Tundra Swan Family in Fall

Wildlife conservation is the primary focus of the National Wildlife Refuge System. This involves providing quality habitat by managing plants and water, and protecting essential ecosystem processes, as well as directly managing fish and wildlife species.  In 1997, Congress passed the National Wildlife Refuge System Improvement Act, emphasizing the system concept, and unifying management of all refuges under a common mission. To provide guidance to individual refuges and inform the public, the U. S. Fish and Wildlife Service developed Fulfilling the Promise, which was published in 1999.  Recently, in 2011, the Refuge System reaffirmed and supplemented Fulfilling the Promise with Conserving the Future.  National-level implementation teams and individual refuges are currently at work improving the management of the Refuge System using both these documents. 

  • National Wildlife Refuge System Improvement Act

    Sage Grouse Hen

    The National Wildlife Refuge System Improvement Act of 1997 provides a common mission for the Refuge System and establishes clear standards for its management, use, planning, and growth.  The Act calls for continued and expanded involvement from the public, States, Tribes, and others who have a stake and interest in how the Refuge System is managed.  It underscores the Refuge System's foundation in an ecosystem approach to land and wildlife management, takes a broad landscape view of wildlife conservation, emphasizes partnerships, and  includes people and society as part of the landscape and mission of the Refuge System.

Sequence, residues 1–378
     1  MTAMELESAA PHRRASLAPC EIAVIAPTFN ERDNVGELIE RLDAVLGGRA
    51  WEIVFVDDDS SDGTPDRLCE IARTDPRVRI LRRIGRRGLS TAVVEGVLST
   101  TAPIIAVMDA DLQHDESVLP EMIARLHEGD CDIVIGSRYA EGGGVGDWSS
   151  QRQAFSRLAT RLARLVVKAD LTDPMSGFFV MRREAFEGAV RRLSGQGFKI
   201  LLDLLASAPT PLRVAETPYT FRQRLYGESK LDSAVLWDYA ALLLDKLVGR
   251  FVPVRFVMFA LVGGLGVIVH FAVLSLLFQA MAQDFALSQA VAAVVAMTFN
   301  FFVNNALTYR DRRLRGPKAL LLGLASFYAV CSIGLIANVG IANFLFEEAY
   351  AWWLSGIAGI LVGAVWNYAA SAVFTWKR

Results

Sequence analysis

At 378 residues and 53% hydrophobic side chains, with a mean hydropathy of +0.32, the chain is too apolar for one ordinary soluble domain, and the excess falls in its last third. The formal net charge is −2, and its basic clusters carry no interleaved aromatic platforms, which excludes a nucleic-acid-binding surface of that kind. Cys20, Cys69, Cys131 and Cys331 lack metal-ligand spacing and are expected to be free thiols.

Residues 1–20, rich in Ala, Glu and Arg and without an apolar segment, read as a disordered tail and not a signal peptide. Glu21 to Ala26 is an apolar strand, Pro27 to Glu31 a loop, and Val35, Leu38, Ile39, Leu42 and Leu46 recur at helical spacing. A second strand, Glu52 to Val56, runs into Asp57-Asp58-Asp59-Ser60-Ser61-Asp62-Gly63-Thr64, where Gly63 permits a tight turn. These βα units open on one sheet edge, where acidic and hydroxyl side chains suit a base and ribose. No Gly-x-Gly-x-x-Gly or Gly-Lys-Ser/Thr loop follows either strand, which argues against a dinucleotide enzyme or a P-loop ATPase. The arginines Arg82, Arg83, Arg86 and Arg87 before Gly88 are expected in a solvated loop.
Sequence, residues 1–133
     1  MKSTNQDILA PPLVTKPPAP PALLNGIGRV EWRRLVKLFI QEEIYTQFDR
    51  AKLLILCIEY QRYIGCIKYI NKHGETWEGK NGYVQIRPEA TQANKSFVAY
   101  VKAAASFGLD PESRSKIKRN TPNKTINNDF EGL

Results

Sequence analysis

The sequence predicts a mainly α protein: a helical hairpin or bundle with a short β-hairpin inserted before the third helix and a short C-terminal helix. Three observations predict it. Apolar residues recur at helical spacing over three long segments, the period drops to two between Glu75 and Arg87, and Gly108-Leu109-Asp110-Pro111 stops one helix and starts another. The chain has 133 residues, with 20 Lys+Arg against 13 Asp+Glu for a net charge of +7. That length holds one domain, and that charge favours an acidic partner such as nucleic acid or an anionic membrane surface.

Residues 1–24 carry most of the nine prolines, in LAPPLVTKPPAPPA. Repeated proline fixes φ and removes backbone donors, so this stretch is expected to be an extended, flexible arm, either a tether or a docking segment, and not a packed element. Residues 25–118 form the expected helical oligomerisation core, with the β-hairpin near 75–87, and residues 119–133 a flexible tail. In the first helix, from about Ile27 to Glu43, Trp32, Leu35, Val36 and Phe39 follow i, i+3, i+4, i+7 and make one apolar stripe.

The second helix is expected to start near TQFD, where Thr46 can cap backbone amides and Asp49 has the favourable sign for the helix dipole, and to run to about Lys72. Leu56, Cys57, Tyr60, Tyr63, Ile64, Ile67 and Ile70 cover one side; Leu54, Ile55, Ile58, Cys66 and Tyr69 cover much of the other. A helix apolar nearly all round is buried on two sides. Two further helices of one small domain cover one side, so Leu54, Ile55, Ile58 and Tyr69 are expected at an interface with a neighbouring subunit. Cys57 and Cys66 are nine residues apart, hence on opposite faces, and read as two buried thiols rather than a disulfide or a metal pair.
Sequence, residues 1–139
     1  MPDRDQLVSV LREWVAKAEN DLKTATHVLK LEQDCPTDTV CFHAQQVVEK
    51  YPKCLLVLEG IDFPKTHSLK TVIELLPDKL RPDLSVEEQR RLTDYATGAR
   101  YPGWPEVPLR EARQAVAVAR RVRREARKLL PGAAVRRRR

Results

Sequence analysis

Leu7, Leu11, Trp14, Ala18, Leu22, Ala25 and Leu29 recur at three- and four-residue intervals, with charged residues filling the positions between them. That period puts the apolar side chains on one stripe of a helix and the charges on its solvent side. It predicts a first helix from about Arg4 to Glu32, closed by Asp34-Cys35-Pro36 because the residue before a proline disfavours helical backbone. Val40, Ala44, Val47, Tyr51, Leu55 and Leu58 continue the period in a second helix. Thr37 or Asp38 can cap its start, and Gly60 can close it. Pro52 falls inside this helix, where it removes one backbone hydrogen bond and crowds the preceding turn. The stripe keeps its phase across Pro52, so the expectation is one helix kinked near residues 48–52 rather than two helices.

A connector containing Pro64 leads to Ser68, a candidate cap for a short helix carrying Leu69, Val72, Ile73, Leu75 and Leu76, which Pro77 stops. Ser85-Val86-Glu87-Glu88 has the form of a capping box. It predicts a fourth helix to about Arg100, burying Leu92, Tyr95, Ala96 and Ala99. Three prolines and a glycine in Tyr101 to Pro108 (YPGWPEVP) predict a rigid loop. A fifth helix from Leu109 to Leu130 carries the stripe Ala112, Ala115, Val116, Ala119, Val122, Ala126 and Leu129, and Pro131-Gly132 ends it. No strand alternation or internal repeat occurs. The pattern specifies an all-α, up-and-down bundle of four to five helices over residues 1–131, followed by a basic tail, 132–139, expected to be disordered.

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  • Comprehensive Conservation Plan

    Canvasback drake

    The purpose of a Comprehensive Conservation Plan (or CCP) is to specify a refuge's management direction for the next 15 years.  Resources of concern are identified, and these may be individual species, a group of species sharing similar traits, important plant communities, or resources, such as clean air and water.  Next, goals and objectives describing desired future conditions are developed, as well as specific strategies or techniques for achieving the goals and objectives. In addition, future partnership opportunities, visitor services, wildlife-dependent recreation, and adaptive management are addressed.  After providing opportunities for public involvement in the planning process, the completed CCP describes the Refuge's preferred alternative and its effects on the human environment.  The CCP process is designed to meet the requirements of the National Environmental Policy Act (or NEPA) of 1969.

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